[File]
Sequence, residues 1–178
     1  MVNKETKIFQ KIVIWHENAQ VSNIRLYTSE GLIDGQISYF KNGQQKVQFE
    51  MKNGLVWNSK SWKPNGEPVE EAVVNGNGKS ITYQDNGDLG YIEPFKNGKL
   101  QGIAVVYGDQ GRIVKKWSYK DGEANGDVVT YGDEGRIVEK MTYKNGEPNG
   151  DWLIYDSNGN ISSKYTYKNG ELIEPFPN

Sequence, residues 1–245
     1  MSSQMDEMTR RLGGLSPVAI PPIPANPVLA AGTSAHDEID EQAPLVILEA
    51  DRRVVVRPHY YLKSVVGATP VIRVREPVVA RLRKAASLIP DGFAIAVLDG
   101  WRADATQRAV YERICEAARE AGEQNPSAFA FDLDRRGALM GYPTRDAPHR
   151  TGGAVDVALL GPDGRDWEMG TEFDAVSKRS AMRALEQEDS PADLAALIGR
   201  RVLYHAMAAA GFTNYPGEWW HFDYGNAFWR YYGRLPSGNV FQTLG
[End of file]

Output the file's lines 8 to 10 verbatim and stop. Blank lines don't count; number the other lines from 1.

    51  DRRVVVRPHY YLKSVVGATP VIRVREPVVA RLRKAASLIP DGFAIAVLDG
   101  WRADATQRAV YERICEAARE AGEQNPSAFA FDLDRRGALM GYPTRDAPHR
   151  TGGAVDVALL GPDGRDWEMG TEFDAVSKRS AMRALEQEDS PADLAALIGR